Tuesday, January 26, 2010


Thoughts about Planning your Exit Strategy

A few years ago, Brett Favre retired as the long time quarterback for the Green Bay Packers NFL football team. Apparently he wasn’t ‘prepared’ for retirement because a few months later he signed with the New York Jets. This season he joined the Minnesota Vikings and led them to the conference championship game.

When Favre went through his “I’m retired, I’m not retired” turnaround, I wrote about it, drawing an analogy between him and lots of business owners contemplating retirement. Now, at forty – he’s the oldest quarterback in football - he will soon face the same situation once again. It’s only a matter of time before he retires, voluntarily or otherwise.

You, a business owner, will someday be facing the same challenge. You’ll be asking similar questions like “How will I retire?” “When is the right time?” What will I do with the rest of my life?” And others like “What do I do with my business?” “How do I get my money out?”

Unlike Farve, whose focus is primarily personal, yours must be in three areas: Financial, Business and Personal.

One presumes that Favre is set financially.
With the help of your financial and legal advisors, you are addressing this. (You are, aren’t you!?)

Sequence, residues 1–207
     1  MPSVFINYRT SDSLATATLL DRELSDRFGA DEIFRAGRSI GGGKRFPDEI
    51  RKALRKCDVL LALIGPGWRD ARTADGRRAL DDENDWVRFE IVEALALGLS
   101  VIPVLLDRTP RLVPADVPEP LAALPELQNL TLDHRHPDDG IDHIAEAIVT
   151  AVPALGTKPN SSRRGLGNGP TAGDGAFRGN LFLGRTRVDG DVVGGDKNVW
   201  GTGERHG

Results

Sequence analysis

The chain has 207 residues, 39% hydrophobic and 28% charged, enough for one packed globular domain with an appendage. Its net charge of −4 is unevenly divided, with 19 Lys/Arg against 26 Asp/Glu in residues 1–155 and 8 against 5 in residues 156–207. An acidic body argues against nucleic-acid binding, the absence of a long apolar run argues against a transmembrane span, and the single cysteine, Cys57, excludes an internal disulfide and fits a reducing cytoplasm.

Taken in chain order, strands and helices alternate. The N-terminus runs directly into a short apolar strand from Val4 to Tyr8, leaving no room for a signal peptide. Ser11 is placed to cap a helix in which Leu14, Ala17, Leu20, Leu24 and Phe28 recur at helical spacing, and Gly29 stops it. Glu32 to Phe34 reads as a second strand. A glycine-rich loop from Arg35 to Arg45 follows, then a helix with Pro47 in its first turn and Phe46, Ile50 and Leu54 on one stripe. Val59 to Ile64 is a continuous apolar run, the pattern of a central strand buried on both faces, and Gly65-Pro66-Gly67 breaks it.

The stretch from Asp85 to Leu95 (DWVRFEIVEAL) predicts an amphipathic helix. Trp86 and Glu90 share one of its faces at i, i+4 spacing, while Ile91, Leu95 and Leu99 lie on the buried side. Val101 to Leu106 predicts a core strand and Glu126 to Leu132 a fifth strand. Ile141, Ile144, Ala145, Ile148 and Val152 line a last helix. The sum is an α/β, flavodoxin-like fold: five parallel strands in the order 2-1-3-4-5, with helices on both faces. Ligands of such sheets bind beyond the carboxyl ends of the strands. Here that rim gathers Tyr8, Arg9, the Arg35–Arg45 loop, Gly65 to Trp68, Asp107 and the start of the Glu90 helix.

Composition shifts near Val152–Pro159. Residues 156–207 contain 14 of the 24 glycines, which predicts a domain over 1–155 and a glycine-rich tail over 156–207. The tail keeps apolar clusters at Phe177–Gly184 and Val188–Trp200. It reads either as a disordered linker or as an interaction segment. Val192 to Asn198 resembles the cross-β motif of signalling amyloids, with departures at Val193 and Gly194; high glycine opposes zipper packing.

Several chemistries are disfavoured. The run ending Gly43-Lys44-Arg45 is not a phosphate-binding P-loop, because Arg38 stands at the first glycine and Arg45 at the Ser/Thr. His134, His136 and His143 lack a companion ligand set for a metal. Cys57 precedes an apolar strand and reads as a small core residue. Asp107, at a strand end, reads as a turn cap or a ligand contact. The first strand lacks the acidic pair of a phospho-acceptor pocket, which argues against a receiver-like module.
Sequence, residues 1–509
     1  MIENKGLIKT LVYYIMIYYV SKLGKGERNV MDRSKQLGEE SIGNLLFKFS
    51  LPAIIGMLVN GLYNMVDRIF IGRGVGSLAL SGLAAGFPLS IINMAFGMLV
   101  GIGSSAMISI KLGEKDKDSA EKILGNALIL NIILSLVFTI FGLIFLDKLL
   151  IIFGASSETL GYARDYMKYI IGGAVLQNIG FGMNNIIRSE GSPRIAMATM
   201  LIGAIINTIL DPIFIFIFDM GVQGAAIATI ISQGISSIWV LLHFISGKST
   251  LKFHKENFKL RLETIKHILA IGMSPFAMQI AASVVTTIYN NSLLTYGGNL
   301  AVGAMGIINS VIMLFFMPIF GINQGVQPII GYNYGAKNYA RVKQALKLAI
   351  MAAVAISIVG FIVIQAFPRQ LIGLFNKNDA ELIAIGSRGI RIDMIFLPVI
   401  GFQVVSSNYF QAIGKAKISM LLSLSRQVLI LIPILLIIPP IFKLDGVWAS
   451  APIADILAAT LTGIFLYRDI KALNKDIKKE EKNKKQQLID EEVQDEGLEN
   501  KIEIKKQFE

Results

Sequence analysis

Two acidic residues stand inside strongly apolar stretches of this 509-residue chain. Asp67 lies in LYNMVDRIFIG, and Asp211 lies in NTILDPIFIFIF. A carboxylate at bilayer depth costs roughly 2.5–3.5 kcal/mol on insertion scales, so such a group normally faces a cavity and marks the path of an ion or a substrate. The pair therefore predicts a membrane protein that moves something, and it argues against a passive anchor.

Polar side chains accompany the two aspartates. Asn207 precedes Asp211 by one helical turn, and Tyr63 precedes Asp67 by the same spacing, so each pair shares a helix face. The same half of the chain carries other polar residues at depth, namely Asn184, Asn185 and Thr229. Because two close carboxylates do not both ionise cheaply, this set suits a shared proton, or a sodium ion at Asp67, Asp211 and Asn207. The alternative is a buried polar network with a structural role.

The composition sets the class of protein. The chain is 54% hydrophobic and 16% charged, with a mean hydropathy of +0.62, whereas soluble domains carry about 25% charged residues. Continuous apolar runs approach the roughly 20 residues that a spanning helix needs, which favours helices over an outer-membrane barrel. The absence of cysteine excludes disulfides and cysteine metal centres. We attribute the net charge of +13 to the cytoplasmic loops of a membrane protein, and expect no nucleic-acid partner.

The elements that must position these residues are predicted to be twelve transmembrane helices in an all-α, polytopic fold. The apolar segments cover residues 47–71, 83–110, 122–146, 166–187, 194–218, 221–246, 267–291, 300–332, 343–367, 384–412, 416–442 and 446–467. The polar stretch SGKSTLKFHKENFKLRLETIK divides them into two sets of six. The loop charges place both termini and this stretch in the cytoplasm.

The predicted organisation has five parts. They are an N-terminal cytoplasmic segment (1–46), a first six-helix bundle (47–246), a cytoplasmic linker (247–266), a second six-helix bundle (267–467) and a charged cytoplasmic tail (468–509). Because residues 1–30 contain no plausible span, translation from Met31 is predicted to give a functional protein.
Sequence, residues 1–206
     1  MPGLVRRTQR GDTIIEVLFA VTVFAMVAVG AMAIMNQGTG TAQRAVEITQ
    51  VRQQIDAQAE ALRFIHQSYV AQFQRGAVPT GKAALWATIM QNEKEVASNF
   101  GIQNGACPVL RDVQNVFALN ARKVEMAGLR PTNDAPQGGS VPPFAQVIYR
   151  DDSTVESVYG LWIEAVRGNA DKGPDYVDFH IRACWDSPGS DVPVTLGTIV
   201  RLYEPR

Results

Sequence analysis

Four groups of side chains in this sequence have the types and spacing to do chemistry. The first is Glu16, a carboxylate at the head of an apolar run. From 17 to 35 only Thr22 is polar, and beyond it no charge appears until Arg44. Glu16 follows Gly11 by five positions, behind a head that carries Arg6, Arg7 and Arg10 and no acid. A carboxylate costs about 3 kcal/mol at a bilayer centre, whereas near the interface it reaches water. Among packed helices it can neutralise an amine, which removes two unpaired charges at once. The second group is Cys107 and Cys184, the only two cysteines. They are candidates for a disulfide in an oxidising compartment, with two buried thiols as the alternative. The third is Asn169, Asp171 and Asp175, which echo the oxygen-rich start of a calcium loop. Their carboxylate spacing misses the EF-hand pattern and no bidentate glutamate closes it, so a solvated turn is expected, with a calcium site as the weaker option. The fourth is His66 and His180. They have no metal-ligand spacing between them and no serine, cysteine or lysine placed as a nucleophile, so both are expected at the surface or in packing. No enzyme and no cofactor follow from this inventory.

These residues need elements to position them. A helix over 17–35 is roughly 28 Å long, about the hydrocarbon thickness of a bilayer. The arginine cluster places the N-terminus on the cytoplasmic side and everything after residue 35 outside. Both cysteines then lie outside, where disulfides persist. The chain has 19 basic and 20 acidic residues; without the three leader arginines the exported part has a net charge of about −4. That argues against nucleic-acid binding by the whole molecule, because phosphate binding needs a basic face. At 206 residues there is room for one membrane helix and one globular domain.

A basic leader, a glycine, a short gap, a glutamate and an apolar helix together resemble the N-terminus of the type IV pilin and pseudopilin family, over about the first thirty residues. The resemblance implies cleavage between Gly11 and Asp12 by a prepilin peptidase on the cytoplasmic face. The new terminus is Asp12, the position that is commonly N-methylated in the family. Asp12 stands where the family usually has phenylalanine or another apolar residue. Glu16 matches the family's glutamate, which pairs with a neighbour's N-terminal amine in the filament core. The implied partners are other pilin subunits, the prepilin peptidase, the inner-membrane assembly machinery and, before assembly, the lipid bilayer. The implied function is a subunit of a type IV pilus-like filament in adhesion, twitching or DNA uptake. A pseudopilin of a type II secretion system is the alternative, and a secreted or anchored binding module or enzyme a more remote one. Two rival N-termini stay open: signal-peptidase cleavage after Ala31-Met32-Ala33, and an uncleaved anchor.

From a business standpoint, the management of the football team has planned for the team’s continuity. Indentifying and developing their next quarterback, along with players for other positions, is one of their responsibilities. Continuity of the team is not part of Favre’s MO.

Business continuity is a challenge you and every business owner must address to assure that you can withdraw your investment from your business to your personal investment portfolio. Whether you sell internally, to your partners, family and/or staff, or externally, to outside buyers, you need to develop an exit strategy. That strategy will determine your transition plans. To successfully implement your plans it’s important to start early. It’s a long term process.

Probably the biggest challenge, whether to Favre or to you, is the personal side. Favre is ‘only forty,’ probably with more than half his life ahead of him. But he may have no choice about when he retires – the team management may make that decision for him.

You can expect a life after ‘retirement’ of twenty years – maybe more. You have control over your timing. It’s your business. But if you hold on too long you may see your business – what you worked so hard to build – wither away, diluting your investment as it goes.

In both instances, Favre and you, the key is to rethink ‘retirement.’ It’s not the end. It’s a ‘transition’ from one life style to another. I hope that Favre, after his retirement dilemma of a few years ago, spent some productive time building his ‘new life after football’ so that he has something to move into, to look forward to. I call this “Building a boat to step into when you walk of the dock.”

What about you? It’s important to start early making personal and business decisions that weave together financial, business and personal factors to create a transition that assures a meaningful, fulfilling life, provides adequate income to live it and, if you want it, leaves a successful, ongoing business as your legacy.

It’s never too early to start planning your transition. How about today?